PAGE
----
Close modal
TABLE 2

Breastfeeding Pattern and Under-2 Mortality (4 Days to 23 Months)

Mortality for Breastfeeding Pattern in the First 3 Days of LifeSample Size, nNo. DeathsOR (95% CI)PAttributable Cases
Mortality: 4 d to 23 mo (N = 217 112)      
 Exclusive 137 529 3643 1 (Reference)   
 Predominant 61 242 2056 1.11 (1.03–1.21) .010 204 
 Partial 16 140 565 1.12 (0.99–1.27) .065 61 
 None 2201 450 13.45 (11.43–15.83) <.001 417 
Mortality: 4–28 d (N = 217 112)      
 Exclusive 137 529 758 1 (Reference)   
 Predominant 61 242 466 1.15 (0.96–1.37) .136 61 
 Partial 16 140 120 0.92 (0.71–1.19) .522 — 
 None 2201 192 23.97 (18.94–30.34) <.001 184 
Mortality: 1–11 mo (n = 215 576)      
 Exclusive 136 771 2352 1 (Reference)   
 Predominant 60 776 1252 1.13 (1.02–1.25) .017 144 
 Partial 16 020 358 1.28 (1.10–1.49) .002 78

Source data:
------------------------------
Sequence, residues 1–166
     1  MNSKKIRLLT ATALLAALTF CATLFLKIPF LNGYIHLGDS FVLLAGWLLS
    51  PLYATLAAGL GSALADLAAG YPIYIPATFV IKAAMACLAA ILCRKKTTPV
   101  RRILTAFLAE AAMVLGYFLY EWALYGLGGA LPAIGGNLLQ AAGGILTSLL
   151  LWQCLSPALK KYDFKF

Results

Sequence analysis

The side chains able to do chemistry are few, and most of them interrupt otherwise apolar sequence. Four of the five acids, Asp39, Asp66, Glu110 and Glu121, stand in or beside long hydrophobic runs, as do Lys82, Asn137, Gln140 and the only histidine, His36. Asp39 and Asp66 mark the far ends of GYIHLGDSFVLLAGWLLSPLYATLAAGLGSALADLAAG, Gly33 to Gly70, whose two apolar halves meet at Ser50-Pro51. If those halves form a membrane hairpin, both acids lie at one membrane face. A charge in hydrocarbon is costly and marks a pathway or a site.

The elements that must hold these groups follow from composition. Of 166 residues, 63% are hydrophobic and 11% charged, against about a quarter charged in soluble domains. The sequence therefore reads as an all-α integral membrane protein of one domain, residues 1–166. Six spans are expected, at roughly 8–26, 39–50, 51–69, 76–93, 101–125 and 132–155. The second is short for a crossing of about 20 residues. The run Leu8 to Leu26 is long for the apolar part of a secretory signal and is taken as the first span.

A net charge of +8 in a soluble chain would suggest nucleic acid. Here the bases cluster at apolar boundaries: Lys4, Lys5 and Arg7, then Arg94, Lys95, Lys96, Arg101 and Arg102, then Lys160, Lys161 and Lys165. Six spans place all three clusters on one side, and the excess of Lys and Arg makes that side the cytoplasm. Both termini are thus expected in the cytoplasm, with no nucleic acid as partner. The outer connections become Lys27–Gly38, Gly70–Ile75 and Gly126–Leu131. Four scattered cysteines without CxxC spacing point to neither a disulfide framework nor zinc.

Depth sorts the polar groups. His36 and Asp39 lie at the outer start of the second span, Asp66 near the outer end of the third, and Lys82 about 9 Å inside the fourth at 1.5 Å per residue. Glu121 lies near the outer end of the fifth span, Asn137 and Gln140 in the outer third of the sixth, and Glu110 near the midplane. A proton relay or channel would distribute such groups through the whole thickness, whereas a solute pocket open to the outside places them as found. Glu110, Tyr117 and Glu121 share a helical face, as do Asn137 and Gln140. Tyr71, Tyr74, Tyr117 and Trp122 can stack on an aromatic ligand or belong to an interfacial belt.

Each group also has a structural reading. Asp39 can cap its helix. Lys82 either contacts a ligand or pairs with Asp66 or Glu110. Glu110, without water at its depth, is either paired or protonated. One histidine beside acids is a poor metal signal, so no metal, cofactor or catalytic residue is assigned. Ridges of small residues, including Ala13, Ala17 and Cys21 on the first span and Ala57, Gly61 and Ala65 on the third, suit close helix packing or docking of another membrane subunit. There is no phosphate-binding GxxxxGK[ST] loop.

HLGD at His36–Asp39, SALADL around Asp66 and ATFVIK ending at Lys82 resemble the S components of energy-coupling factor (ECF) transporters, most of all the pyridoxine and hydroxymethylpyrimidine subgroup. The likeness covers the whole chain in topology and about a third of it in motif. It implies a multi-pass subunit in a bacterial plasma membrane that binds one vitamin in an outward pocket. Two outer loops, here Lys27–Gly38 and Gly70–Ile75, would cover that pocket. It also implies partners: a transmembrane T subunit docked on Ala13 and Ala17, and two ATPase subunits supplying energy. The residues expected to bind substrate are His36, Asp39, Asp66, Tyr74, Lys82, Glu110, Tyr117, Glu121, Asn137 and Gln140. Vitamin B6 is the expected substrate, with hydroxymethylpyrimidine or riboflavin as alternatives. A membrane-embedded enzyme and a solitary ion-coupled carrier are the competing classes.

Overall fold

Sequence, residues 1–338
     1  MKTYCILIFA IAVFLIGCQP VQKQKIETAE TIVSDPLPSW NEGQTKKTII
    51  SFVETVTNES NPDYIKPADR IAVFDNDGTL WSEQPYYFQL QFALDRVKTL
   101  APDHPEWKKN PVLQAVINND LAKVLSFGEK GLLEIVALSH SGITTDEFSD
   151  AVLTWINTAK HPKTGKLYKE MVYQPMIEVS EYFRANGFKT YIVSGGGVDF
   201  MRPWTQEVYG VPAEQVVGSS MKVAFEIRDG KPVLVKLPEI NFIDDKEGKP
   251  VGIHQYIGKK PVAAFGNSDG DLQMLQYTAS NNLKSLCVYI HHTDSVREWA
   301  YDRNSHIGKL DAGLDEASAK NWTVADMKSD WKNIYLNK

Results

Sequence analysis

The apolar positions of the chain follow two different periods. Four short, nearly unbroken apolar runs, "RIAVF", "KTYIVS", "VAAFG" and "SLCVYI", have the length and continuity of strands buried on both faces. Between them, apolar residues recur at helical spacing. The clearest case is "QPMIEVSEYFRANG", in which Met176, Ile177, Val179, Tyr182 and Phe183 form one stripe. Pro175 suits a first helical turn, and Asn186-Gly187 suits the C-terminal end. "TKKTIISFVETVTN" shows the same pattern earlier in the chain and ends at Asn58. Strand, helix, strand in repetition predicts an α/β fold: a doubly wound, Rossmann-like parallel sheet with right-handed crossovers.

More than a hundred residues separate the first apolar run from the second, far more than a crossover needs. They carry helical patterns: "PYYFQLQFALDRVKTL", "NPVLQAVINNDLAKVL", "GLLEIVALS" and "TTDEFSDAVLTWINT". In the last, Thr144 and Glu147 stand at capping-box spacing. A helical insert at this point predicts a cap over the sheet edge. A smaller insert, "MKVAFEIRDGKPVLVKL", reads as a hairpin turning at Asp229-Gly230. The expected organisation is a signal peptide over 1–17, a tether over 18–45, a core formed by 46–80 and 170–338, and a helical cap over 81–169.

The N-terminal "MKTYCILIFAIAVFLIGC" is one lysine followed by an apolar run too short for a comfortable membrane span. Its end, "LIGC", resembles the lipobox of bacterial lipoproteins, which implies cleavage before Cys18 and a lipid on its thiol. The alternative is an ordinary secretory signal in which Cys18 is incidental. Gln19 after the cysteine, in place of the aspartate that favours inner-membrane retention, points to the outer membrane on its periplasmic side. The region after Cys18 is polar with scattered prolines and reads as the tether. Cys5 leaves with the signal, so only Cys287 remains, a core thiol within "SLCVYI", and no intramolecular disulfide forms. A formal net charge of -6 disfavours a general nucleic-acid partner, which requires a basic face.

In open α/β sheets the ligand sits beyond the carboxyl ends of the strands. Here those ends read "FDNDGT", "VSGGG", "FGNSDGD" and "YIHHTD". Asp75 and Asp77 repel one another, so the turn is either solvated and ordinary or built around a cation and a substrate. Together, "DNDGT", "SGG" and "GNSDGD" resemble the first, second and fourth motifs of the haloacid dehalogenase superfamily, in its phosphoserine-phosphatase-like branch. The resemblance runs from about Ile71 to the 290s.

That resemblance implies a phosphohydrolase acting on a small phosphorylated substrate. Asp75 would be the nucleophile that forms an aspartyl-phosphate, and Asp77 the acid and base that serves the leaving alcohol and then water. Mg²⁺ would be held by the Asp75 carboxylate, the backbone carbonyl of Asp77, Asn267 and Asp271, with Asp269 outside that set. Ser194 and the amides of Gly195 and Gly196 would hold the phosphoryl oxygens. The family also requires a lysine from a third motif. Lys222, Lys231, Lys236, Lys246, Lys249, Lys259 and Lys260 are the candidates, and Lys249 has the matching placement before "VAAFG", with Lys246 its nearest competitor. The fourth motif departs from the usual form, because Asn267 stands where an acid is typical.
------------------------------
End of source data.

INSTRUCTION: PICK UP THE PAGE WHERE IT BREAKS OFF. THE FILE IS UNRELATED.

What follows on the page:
None 2009 219 9.52 (7.68–11.79) <.001 196 
Mortality: 12–23 mo (n = 211 395)      
 Exclusive 134 419 533 1 (Reference)   
 Predominant 59 524 338 1.02 (0.82–1.26) .869 
 Partial 15 662 87 0.92 (0.67–1.25) .583 — 
 None 1790 39 8.19 (5.13–13.09) <.001 34 
Mortality for Breastfeeding Pattern in the First 3 Days of LifeSample Size, nNo. DeathsOR (95% CI)PAttributable Cases
Mortality: 4 d to 23 mo (N = 217 112)      
 Exclusive 137 529 3643 1 (Reference)   
 Predominant 61 242 2056 1.11 (1.03–1.21) .010 204 
 Partial 16 140 565 1.12 (0.99–1.27) .065 61 
 None 2201 450 13.45 (11.43–15.83) <.001 417 
Mortality: 4–28 d (N = 217 112)      
 Exclusive 137 529 758 1 (Reference)   
 Predominant 61 242 466 1.15 (0.96–1.37) .136 61 
 Partial 16 140 120 0.92 (0.71–1.19) .522 — 
 None 2201 192 23.97 (18.94–30.34) <.001 184 
Mortality: 1–11 mo (n = 215 576)      
 Exclusive 136 771 2352 1 (Reference)   
 Predominant 60 776 1252 1.13 (1.02–1.25) .017 144 
 Partial 16 020 358 1.28 (1.10–1.49) .002 78 
 None 2009 219 9.52 (7.68–11.79) <.001 196 
Mortality: 12–23 mo (n = 211 395)      
 Exclusive 134 419 533 1 (Reference)